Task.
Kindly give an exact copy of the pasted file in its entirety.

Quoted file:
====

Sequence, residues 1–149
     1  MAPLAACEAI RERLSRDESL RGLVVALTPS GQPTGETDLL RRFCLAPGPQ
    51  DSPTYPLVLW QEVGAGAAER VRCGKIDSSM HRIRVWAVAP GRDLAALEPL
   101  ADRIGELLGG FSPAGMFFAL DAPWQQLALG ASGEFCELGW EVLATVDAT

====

Sequence, residues 1–149
     1  MAPLAACEAI RERLSRDESL RGLVVALTPS GQPTGETDLL RRFCLAPGPQ
    51  DSPTYPLVLW QEVGAGAAER VRCGKIDSSM HRIRVWAVAP GRDLAALEPL
   101  ADRIGELLGG FSPAGMFFAL DAPWQQLALG ASGEFCELGW EVLATVDAT